Mar 10, 2020 - Economy & Business

Pricey mergers force media giants to offload once-shiny assets

Illustration: Aïda Amer/Axios

Pricey mergers are forcing some of the biggest media giants to shed assets that are no longer necessary to their core business.

Why it matters: Once sexy investments in new media companies are beginning to feel like expensive burdens on corporate giants looking to offload unnecessary debt.

Driving the news: NBCUniversal quietly sold its entire $500 million stake in Snapchat earlier this year, The Hollywood Reporter reports.

  • Disney wrote down $157 million of its initial $400 million stake in Vice in 2018 as it was engaged in conversations about buying most of Fox.
  • Verizon sold Tumblr for around $3 million last year after buying it for $1.1 billion in 2013.

Other media giants are shedding non-digital assets in efforts to alleviate debt.

  • AT&T sold its stake in the Game Show Network for over $500 million last year. It has also shed several international telecom businesses since buying Time Warner in 2018 for $85 billion.
  • ViacomCBS is looking to sell Simon & Schuster, the nearly 100-year-old publishing business, to focus on streaming and video.

The bottom line: Investments that were once the "shiny new media thing" have either become "big media" themselves or didn't turn out to be the jackpots their backers and acquirers desired.

Meanwhile, new upstarts are getting funding.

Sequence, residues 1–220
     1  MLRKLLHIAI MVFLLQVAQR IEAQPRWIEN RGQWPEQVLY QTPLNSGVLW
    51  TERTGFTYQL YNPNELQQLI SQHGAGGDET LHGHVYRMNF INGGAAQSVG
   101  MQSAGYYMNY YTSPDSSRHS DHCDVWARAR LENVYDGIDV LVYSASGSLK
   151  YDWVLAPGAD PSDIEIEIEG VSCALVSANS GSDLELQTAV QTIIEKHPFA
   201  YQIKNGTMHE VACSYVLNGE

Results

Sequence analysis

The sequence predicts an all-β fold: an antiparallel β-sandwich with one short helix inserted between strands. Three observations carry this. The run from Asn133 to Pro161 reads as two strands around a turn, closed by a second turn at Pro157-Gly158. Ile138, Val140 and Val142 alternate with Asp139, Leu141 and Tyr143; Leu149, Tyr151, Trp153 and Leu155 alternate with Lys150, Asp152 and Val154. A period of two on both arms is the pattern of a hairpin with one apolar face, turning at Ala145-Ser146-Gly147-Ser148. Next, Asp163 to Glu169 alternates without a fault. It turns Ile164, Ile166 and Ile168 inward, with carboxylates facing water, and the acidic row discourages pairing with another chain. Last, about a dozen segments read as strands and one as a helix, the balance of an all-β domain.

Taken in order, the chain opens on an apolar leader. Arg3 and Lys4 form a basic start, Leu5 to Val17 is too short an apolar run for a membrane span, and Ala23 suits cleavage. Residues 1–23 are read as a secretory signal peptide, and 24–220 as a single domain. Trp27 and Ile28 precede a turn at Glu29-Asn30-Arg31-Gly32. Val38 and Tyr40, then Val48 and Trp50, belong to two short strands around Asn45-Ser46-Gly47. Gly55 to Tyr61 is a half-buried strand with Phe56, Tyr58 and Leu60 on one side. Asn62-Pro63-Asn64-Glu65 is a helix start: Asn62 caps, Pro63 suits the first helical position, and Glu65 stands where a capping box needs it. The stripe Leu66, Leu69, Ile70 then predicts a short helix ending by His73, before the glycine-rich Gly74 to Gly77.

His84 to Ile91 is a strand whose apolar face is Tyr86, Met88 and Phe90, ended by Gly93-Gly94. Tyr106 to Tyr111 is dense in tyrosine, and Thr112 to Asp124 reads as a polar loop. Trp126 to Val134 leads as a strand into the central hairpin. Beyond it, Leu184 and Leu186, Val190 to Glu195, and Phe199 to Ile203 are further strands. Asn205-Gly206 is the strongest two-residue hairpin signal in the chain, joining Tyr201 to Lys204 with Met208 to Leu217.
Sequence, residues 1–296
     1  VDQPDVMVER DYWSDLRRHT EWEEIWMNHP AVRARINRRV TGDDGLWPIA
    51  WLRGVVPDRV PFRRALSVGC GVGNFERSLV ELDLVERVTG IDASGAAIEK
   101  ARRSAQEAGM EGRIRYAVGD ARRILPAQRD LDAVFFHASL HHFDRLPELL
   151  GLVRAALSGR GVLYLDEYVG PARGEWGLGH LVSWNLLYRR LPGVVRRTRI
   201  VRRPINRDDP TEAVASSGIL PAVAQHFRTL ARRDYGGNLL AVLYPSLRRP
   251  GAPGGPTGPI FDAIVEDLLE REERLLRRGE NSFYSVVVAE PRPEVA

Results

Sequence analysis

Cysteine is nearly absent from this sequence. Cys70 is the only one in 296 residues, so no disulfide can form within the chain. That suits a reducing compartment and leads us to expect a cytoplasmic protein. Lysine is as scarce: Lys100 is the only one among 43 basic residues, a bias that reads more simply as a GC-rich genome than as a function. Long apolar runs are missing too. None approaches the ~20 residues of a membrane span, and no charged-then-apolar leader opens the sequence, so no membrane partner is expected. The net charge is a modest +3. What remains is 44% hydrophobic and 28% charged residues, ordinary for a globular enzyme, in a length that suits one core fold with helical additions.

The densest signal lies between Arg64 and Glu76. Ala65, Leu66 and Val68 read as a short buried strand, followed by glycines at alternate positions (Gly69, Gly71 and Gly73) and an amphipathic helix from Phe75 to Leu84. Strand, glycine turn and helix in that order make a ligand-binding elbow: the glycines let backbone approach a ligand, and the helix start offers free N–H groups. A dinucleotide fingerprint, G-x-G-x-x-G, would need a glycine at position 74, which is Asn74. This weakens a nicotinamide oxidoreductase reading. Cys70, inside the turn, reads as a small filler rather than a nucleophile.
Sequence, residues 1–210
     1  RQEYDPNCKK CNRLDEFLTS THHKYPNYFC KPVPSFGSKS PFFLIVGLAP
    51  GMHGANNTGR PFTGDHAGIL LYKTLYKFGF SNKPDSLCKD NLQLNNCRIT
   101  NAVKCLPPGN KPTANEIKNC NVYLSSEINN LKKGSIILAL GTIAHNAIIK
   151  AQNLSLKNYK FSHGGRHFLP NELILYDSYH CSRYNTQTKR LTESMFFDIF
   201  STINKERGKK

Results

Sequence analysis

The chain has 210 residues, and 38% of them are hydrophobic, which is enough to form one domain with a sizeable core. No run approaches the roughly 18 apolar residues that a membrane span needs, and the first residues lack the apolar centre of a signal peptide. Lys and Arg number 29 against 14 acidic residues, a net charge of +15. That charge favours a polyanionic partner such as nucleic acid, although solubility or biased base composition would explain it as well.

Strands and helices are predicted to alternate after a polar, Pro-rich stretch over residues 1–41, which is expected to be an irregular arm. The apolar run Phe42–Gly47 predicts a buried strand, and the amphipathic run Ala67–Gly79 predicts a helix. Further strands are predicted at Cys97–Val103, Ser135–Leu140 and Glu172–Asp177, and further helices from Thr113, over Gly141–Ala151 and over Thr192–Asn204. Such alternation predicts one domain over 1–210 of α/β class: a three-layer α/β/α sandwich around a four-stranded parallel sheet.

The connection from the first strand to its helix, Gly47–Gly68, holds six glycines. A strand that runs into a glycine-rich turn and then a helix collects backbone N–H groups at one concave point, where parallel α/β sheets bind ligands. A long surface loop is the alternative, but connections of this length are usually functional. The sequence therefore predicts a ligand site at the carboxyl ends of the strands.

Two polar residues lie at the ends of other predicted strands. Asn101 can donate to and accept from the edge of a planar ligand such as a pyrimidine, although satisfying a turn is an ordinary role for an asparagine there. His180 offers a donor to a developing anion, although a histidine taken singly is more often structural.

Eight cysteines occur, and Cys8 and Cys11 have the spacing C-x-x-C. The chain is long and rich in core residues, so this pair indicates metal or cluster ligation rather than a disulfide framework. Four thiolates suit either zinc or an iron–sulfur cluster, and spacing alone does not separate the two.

• Recent investments in The Athletic ($50 million), Axios ($20 million), Minute Media ($40 million), Action Network ($17.5 million), The Recount ($13 million) and Quibi ($750 million) suggest that investors are still looking to tie themselves to the next big thing.

Go deeper: Media companies wrestle with high debt loads

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Scoop: The Recount raises $13 million in Series A round

The Recount co-founders John Heilemann (left) and John Battelle (right). Photo: The Recount.

Recount Media, a short-form political video startup created by veteran journalists John Battelle and John Heilemann, has raised $13 million its Series A funding round, executives tell Axios.

Why it matters: The round includes strategic media companies as partners, instead of just financial investors. "It's better to have big companies looking out for us and rooting for us than a bunch of purely financial investors around the table," Battelle tells Axios.

Podcast: Misinformation in the coronavirus age

Accurate information could be the difference between life and death, putting extra responsibility on news outlets, social media companies and public officials to be sure of what they report, amplify and say. Dan digs into the state of media and media trust with Axios' Sara Fischer.

Go deeper: Coronavirus presents existential threat for news media

Tech giants set to lose billions in ad revenue in virus shutdown

Illustration: Aïda Amer/Axios

Tech giants like Google, Facebook and others are expected to lose billions of advertising dollars this year thanks to economic disruptions caused by the coronavirus pandemic, analysts say.

Why it matters: The losses aren't expected to cripple these companies, but they will put a dent in the otherwise unprecedented growth that several have experienced for the past few years.